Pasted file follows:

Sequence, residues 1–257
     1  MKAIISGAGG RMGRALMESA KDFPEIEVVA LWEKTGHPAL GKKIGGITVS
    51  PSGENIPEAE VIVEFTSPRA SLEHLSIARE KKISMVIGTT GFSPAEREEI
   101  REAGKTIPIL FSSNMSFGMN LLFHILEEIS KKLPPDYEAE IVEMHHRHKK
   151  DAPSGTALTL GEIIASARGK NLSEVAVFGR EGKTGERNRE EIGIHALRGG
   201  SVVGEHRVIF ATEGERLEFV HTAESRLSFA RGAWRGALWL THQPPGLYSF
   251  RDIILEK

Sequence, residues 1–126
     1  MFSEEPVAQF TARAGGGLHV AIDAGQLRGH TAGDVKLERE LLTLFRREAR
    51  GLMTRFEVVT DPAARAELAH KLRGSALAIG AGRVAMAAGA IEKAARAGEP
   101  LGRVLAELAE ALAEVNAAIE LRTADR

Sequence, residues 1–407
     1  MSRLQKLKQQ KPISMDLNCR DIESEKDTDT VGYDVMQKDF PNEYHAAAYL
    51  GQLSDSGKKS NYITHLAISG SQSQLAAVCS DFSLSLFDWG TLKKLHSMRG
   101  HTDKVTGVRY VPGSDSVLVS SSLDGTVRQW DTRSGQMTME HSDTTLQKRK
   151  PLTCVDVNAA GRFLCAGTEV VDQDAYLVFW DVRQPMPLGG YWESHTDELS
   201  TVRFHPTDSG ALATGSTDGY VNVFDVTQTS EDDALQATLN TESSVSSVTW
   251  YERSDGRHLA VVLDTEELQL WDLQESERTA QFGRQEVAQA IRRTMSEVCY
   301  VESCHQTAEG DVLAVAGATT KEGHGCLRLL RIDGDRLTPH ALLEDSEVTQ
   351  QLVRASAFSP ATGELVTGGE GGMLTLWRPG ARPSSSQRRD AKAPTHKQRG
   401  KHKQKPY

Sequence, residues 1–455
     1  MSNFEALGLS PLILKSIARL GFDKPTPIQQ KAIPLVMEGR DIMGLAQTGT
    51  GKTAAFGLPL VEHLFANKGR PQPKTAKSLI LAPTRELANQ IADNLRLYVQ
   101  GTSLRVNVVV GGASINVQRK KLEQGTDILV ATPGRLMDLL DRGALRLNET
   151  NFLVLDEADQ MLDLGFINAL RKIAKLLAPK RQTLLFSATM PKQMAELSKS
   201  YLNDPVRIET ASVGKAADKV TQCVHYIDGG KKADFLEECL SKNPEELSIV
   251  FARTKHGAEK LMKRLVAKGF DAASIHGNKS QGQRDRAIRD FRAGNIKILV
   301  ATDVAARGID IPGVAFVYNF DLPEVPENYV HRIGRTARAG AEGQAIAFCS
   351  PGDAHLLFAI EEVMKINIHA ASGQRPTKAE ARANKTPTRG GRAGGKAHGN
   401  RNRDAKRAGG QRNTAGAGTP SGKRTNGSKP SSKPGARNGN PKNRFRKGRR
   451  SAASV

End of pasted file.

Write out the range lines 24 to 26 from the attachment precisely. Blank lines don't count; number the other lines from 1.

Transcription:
    51  GKTAAFGLPL VEHLFANKGR PQPKTAKSLI LAPTRELANQ IADNLRLYVQ
   101  GTSLRVNVVV GGASINVQRK KLEQGTDILV ATPGRLMDLL DRGALRLNET
   151  NFLVLDEADQ MLDLGFINAL RKIAKLLAPK RQTLLFSATM PKQMAELSKS